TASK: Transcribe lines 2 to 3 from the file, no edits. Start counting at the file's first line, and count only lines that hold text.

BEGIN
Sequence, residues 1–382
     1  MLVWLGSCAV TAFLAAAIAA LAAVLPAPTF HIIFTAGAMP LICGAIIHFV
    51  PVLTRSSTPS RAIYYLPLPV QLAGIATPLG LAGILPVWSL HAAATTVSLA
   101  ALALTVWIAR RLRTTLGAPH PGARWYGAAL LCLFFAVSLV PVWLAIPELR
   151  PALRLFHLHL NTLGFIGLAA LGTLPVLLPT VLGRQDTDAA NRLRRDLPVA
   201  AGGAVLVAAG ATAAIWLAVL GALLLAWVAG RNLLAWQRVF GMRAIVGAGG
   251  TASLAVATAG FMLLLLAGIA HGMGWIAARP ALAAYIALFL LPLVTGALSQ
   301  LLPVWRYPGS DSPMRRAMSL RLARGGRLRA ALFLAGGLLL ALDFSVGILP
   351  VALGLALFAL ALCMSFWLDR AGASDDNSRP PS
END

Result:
     1  MLVWLGSCAV TAFLAAAIAA LAAVLPAPTF HIIFTAGAMP LICGAIIHFV
    51  PVLTRSSTPS RAIYYLPLPV QLAGIATPLG LAGILPVWSL HAAATTVSLA